Toronto's auditor-general outlines latest problems with PRESTO data, revenue

An OC Transpo Presto Card.

Toronto's auditor-general can't come to her own conclusion of how much revenue the city has lost due to ongoing technical and data problems with PRESTO, but says an estimate of $3.4 million is probably correct. 

"It is our view that TTC's estimate of $3.4 million in revenue loss for 2018 due to malfunctioning PRESTO fare equipment does not appear to be overstated," AG Beverly Romeo-Beehler said in her report. 

In fact, due to ongoing problems, Romeo-Beehler goes on to say "TTC's availability estimates may even be understated given the issues we identified in this report with availability of PRESTO card readers." 

Along with the $3.4 million figure, the city also invoiced Metrolinx for $7.5 million for estimated revenue loss of three years, but says the TTC still hasn't been paid. 

The issues with the PRESTO rollout are nothing new, says Mayor John Tory, but says that doesn't change the fact the city is losing out on money that would otherwise go to other transit projects. 

"That revenue is needed to run the transit system, to expand service, to maintain service," he said. "The millions of dollars are less in number than they were before, but they're still too many."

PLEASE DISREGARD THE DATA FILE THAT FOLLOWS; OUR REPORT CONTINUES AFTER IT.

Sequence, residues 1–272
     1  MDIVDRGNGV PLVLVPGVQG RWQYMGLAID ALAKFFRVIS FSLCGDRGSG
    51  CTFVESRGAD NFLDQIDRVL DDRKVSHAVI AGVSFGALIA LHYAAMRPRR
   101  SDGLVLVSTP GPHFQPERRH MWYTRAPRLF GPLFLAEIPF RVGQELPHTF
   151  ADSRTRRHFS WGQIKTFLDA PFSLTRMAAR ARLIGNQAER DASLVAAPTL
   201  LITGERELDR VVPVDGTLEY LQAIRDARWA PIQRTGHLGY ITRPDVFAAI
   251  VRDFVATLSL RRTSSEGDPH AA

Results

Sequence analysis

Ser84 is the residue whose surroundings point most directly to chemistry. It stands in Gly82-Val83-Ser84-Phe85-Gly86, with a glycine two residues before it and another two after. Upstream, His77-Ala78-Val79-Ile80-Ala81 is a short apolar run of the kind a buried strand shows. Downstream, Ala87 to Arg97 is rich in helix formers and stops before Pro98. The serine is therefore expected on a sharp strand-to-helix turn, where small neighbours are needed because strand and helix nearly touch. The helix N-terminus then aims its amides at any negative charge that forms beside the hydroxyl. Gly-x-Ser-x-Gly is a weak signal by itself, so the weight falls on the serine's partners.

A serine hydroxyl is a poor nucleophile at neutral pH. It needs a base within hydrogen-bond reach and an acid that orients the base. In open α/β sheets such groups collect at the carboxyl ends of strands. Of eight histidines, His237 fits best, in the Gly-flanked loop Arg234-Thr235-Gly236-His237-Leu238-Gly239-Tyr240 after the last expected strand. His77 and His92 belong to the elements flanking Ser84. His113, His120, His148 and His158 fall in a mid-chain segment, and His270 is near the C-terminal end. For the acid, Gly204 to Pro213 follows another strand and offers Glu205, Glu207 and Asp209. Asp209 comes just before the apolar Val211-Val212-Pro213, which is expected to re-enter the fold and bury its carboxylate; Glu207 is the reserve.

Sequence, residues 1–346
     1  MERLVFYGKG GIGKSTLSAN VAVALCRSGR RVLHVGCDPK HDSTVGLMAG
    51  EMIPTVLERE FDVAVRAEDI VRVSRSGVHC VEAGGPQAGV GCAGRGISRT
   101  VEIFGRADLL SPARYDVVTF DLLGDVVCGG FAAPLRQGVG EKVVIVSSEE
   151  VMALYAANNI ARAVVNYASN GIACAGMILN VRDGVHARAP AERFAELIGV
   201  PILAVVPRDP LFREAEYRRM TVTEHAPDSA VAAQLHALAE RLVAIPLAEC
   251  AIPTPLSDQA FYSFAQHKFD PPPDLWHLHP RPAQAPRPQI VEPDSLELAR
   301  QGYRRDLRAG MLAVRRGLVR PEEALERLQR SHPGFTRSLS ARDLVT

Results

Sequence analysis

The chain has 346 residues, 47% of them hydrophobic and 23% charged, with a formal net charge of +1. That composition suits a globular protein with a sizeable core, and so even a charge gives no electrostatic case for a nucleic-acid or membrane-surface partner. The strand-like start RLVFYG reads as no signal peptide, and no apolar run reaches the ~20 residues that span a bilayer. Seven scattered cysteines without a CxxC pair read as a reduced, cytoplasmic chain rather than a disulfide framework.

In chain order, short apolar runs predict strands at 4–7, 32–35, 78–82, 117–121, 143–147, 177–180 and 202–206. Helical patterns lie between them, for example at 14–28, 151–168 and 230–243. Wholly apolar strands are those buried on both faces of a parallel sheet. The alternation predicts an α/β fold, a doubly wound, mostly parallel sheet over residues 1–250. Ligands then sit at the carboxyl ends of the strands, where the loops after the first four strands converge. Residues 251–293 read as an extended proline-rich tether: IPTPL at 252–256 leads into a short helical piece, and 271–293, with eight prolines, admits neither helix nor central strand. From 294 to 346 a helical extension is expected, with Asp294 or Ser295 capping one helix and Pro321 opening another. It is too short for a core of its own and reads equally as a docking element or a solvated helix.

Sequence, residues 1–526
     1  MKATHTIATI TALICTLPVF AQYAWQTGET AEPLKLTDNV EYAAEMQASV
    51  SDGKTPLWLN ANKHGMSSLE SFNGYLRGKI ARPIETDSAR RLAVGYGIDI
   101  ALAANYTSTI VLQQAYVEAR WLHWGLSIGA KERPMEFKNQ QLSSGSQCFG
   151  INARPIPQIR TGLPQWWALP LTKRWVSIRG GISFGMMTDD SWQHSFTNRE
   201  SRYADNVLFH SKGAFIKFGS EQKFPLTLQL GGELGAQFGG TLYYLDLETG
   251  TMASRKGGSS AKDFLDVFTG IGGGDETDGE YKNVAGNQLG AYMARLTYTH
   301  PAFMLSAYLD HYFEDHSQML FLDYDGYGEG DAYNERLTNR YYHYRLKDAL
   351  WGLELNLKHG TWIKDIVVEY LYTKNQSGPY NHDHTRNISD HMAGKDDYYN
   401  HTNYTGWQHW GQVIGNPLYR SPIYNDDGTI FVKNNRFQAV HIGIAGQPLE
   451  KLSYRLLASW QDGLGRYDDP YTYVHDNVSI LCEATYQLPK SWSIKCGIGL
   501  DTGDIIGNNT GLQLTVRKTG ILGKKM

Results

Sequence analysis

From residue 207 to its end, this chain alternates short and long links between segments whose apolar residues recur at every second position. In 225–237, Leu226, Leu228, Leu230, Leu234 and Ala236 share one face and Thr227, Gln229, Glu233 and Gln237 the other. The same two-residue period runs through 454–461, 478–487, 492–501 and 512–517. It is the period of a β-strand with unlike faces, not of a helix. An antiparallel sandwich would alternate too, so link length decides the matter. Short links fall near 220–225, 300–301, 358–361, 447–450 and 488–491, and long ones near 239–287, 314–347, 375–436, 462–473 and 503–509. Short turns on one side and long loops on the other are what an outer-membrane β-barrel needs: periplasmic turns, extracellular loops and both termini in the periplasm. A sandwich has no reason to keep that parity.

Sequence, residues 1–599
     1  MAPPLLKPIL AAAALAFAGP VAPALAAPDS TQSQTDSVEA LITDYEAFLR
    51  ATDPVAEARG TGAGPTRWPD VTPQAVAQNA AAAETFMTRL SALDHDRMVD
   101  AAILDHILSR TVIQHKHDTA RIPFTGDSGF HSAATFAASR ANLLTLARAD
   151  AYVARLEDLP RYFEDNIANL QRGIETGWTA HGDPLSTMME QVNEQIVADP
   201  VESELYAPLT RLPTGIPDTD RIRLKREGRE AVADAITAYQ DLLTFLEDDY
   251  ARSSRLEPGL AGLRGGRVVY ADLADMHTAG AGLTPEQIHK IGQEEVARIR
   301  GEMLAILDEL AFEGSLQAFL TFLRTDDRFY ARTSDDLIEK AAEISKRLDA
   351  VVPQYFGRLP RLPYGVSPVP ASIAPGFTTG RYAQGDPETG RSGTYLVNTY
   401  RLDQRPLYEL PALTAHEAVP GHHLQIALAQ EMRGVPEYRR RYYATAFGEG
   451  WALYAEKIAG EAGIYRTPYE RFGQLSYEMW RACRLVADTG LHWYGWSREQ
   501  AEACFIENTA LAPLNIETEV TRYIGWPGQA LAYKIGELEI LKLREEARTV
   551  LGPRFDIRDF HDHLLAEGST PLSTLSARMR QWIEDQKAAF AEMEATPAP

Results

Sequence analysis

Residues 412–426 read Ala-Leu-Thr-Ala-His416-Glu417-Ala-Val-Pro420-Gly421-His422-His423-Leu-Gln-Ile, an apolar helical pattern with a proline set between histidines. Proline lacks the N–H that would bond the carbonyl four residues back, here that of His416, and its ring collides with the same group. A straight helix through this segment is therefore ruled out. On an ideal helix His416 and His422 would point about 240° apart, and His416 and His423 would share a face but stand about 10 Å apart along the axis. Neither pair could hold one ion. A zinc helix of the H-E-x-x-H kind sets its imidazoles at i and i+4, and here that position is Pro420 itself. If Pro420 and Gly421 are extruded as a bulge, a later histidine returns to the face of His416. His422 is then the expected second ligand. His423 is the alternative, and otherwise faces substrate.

"PRESTO has to keep working to improve its system." 

The AG report says it was unable to come up with its own estimate because of information gaps and equipment problems. 

Among the problems outlined, Romeo-Beehler found over just two days, there were 300 incidents of frozen card readers on 168 buses. 

Then in August of this year, more than half of the time when vending machines on new streetcars were out of service, it was because the coin box was too full. 

"In one instance that it took seven days to collect coins/tokens after the machine issued the 'coin box is full' warning sign," the report said. "For the same streetcar, the last time the coin collection was done was 14 days prior." 

That same month, Six PRESTO vending machines were out-of-service on average per day because the box was full , the report said. 

The document also noted passenger data is being purged from Metrolinx systems after 60 days, when it's contractually supposed to be kept for seven years.

"Whether a customer's tap was successful or not can directly impact fare revenue - the device status is relevant information from a financial perspective," the report says.

NEWSTALK1010 has reached out to Metrolinx for comment.